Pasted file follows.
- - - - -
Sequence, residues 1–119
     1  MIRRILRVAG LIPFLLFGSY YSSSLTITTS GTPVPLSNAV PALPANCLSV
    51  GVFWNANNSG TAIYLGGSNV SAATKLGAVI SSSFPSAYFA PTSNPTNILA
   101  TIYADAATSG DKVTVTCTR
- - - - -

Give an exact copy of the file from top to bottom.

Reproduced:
Sequence, residues 1–119
     1  MIRRILRVAG LIPFLLFGSY YSSSLTITTS GTPVPLSNAV PALPANCLSV
    51  GVFWNANNSG TAIYLGGSNV SAATKLGAVI SSSFPSAYFA PTSNPTNILA
   101  TIYADAATSG DKVTVTCTR